The emissions goal is equally problematic, but the problem is a different one: The standard is too lax. The national vehicle emissions standards planned for 2004 (known as “tier 2”) are less stringent than those already being implemented in California and far less stringent than California’s proposed “Equivalent zero-emission vehicle” standards. If history provides any lesson, it is that the California standards will soon be adopted nationwide: the Environmental Protection Agency has consistently followed California’s lead.
Taking advantage of PNGV’s unambitious emissions requirement, automotive managers and engineers have indicated that they almost certainly will select the most-polluting technology in the PNGV tool box as the platform for the concept prototype. This is a diesel-electric hybrid: a direct-injected diesel engine, combined with an electric driveline and a small battery pack.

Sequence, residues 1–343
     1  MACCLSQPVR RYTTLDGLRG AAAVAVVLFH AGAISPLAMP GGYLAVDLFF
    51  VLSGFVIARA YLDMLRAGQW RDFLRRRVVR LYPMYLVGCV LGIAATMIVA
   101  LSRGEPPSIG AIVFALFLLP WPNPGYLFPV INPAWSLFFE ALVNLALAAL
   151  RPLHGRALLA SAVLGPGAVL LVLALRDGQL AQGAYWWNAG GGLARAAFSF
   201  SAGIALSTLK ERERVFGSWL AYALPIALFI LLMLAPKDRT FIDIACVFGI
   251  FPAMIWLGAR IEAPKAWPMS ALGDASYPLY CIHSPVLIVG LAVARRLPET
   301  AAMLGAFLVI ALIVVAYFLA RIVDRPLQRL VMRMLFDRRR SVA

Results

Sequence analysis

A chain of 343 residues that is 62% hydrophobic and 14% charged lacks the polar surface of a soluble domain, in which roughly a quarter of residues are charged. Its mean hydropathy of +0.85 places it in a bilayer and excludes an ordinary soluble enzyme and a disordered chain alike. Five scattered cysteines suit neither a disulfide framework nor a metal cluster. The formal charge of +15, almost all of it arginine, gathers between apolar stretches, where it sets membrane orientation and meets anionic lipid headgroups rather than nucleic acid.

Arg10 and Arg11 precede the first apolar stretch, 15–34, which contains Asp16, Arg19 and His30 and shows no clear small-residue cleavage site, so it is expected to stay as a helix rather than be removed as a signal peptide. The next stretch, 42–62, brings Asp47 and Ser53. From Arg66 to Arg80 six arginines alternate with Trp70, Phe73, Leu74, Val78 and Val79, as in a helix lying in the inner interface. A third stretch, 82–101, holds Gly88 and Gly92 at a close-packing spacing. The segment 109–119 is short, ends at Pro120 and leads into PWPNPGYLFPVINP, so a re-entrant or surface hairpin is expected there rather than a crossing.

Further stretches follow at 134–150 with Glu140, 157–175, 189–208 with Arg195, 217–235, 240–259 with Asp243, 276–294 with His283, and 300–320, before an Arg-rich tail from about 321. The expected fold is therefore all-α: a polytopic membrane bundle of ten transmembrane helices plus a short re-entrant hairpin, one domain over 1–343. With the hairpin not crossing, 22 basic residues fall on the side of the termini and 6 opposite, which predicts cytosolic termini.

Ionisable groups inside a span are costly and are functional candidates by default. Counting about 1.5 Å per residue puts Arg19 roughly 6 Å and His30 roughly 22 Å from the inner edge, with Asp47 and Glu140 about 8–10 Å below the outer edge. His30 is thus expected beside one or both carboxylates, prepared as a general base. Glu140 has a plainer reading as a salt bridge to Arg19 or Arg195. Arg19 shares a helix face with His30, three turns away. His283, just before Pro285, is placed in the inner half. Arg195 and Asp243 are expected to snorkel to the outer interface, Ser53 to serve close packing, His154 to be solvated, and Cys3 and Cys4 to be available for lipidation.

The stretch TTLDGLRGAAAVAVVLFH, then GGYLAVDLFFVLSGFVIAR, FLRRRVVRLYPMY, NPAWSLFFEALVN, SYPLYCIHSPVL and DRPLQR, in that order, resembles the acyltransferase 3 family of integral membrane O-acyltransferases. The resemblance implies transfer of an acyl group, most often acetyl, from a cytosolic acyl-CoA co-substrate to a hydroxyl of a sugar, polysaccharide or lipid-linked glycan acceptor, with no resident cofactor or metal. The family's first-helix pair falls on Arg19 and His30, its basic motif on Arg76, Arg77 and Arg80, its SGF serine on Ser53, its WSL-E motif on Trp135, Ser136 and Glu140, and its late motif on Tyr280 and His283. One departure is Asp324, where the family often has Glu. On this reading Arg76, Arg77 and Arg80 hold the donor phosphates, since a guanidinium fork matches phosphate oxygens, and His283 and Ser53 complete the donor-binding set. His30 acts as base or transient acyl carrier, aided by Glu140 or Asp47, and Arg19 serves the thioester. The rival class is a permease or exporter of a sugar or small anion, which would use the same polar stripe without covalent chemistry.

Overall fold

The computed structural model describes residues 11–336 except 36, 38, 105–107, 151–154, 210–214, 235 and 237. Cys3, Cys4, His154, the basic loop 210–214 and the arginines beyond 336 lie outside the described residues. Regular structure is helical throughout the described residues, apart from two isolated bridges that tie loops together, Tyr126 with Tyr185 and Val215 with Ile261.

Diesel-electric hybrid technology represents only a modest technological step. The automotive industry is already well along in developing advanced diesel engines, similar to what PNGV envisions, for the European market. Production prototypes using hybridized diesel and gasoline engines have already been unveiled by several foreign automakers, including Audi, Daihatsu, Isuzu, Mitsubishi, and Toyota. In fact, Toyota reportedly intends to start selling tens of thousands of hybrid vehicles to the U.S. market in late1997.